marionette: true
      }
    }
  }
};

In global, you define user and pass. ${e2e_username} means that the value is taken from the environment variable e2e_username.

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Step 2: Run E2E test locally

To run the tests locally you can use the same command as used in End to End Test. However, in SAP Cloud Platform Cloud Foundry the application URL launchUrl should point to the app-router. In the Neo environment, it should point to the application because the user is redirected to the login form automatically.

Furthermore, the username and password environment variables have to be set. On Windows you can use the command set to do that. The final command looks as follows:

set e2e_username=myUser
set e2e_password=myPassword
npm install
npm run ci-e2e -- --launchUrl=https://path/to/your/running/app-router

Your password is stored in the history of your terminal. We recommend using a technical user for the E2E tests.

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Step 3: Run E2E tests in the pipeline
S4SDK Pipeline

To run the tests in our pipeline you have to adapt the .pipeline/config.yml. In Set up CI/CD you learned that this file configures the behavior of the pipeline. To execute the E2E test you have to add a section called endToEndTests representing a stage in the section stages. The final configuration is shown below.

#Project Setup
general:
  productiveBranch: 'master'
  projectName: 'business-partner-manager'

#Stage Specific Configurations
stages:  
  endToEndTests:
    appUrls:
      - url: 'https://approuter-USERNAME.cfapps.eu10.hana.ondemand.com'
        credentialId: e2e-test-user-cf

    cfTargets:
      - space: 'MySpaceName'
        manifest: 'manifest-test.yml'
        org: 'MyOrg'
        appName: 'firstapp'
        credentialsId: 'deployment-cf'

The section endToEndTests consists of two sections. Before you can run the E2E tests, you first have to deploy our application to the SAP Cloud Platform. As for the productive deployment, you define a section called cfTargets or neoTargets to configure the deployment. Afterwards in appUrls you define a list of URL and credential ids specifying the launch URL for the tests and the credentials used as username and password environment variables.

The tests are executed once per entry in the list. For each entry the URL is passed as launchUrl to the test. The credentialsId is used to read the corresponding credentials from the credentials store in Jenkins. Thus, you have to create these credentials, as explained in Set up CI/CD. The username and password is read from the credentials store and passed as environment variable to the test.

You can also run the E2E tests after the productive deployment. These tests can be called smoke tests to check that your application is running after the deployment. It is usually a subset of the E2E tests, but can also be the full test suite.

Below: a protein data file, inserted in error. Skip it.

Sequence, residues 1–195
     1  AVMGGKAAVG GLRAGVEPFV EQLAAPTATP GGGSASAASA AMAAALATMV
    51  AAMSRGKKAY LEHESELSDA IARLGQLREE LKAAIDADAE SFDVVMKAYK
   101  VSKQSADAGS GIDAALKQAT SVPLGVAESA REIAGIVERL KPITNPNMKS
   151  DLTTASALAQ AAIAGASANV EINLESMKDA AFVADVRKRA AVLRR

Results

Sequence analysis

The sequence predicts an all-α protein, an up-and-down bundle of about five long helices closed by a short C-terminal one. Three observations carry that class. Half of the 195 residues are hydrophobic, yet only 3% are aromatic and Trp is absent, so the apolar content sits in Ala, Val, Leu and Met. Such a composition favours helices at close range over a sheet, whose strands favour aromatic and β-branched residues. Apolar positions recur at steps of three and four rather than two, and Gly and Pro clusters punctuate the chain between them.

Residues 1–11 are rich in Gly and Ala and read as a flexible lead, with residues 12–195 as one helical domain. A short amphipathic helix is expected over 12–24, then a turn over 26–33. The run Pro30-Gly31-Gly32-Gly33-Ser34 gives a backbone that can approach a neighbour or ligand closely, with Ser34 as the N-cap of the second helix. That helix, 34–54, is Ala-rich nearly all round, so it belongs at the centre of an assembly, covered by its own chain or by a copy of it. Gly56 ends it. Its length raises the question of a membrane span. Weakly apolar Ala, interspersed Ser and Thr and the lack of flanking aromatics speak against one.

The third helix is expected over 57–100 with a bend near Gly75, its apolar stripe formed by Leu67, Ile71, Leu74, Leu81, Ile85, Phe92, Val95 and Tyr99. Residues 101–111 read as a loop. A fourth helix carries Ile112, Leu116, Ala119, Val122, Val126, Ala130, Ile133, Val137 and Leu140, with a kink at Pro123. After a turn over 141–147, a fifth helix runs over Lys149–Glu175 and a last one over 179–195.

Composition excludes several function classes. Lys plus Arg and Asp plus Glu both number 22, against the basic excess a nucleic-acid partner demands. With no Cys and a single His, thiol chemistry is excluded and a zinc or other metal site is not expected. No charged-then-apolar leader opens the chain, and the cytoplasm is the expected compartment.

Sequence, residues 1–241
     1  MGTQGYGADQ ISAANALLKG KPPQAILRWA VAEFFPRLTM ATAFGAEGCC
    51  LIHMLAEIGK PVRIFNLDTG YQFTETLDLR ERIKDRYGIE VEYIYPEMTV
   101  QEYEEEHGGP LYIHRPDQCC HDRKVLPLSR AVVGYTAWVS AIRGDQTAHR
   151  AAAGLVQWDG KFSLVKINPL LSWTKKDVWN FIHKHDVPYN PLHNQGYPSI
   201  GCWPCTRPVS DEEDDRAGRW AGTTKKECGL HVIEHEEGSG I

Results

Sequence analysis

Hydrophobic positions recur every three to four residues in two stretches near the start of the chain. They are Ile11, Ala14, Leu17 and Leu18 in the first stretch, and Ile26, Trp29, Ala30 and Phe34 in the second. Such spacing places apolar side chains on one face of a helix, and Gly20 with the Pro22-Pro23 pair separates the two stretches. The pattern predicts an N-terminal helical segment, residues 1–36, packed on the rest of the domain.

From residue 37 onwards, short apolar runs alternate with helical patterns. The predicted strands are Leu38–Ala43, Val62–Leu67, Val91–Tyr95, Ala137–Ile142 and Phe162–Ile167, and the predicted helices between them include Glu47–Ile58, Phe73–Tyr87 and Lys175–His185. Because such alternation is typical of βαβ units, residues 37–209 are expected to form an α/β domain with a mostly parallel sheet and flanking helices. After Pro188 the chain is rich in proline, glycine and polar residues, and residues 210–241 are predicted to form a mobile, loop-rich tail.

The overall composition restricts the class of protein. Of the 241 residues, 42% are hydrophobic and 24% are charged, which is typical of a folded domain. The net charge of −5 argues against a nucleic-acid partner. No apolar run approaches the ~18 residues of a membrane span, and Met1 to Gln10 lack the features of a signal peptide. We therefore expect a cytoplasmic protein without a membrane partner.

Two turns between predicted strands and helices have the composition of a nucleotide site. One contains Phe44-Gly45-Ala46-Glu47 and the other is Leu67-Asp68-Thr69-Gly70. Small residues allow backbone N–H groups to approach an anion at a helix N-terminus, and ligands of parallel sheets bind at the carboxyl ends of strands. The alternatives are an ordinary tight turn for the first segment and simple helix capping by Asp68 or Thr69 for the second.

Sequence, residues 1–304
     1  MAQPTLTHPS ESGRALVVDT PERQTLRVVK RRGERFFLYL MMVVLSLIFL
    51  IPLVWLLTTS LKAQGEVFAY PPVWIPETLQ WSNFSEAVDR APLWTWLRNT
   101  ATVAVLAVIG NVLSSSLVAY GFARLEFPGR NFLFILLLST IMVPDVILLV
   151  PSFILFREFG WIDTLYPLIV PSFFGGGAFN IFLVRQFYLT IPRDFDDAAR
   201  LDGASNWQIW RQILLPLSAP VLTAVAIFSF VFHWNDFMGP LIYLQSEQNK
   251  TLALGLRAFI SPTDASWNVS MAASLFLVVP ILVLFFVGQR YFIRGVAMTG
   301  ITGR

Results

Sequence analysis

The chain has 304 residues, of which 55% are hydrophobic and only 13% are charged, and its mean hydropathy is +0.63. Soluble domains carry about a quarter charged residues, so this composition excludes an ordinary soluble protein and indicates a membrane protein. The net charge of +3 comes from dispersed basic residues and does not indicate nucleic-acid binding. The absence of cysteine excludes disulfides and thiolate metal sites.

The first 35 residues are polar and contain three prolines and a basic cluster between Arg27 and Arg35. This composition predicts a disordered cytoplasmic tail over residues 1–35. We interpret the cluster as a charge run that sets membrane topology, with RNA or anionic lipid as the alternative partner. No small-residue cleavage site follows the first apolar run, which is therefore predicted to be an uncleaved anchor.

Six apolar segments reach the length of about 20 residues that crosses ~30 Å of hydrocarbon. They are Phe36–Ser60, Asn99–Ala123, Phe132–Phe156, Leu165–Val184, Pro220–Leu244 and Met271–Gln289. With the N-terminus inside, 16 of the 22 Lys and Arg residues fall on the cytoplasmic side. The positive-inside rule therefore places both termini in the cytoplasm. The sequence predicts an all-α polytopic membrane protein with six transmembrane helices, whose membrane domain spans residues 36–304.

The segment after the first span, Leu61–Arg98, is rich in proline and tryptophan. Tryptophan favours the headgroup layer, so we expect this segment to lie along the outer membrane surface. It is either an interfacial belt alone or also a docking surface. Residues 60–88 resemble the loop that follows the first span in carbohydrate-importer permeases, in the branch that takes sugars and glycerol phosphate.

For the smoke test the command npm ci-smoke is used instead of npm ci-e2e. Thus, you have to define this command in the file package.json. To run the same tests you can just copy the configuration from the command ci-e2e in the section scripts as shown below. To run a subset of the tests you can use tags.

"scripts": {
    "ci-e2e": "cucumber-js e2e-tests/features --require e2e-tests/cucumber.conf.js --require e2e-tests/steps --format json:s4hana_pipeline/reports/e2e/cucumber_report.json",
    "ci-smoke": "cucumber-js e2e-tests/features --require e2e-tests/cucumber.conf.js --require e2e-tests/steps --format json:s4hana_pipeline/reports/e2e/cucumber_report.json"
  },

The configuration for the stage productiveDeployment in the file .pipeline/config.yml has the same structure as the stage endToEndTests:

#Project Setup
general:
  productiveBranch: 'master'
  projectName: 'business-partner-manager'

#Stage Specific Configurations
stages:  
  productionDeployment:
    appUrls:
      - url: 'https://approuter-USERNAME.cfapps.eu10.hana.ondemand.com'
        credentialId: e2e-test-user-cf

    cfTargets:
      - space: 'MySpaceNameProductive'
        manifest: 'manifest.yml'
        org: 'MyOrg'
        appName: 'firstapp'
        credentialsId: 'deployment-cf'
In SAP Cloud Platform Cloud Foundry the application URL, where launchUrl should point?
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Step 4: Questions and troubleshooting

Are you facing a development question? Then check out Stack Overflow for SAP Cloud SDK related questions. If you do not find an answer, feel free to post your question and make sure to attach the tag s4sdk. Our team, as well as the whole Stack Overflow community, are at your service and will quickly react to your question.

For an overview of SAP Cloud SDK related questions, go to https://stackoverflow.com/questions/tagged/sap-cloud-sdk.

You think that you found a bug in one of our Continuous Delivery artifacts? Feel free to open an issue in our Pipeline GitHub repository on https://github.com/SAP/cloud-s4-sdk-pipeline/issues.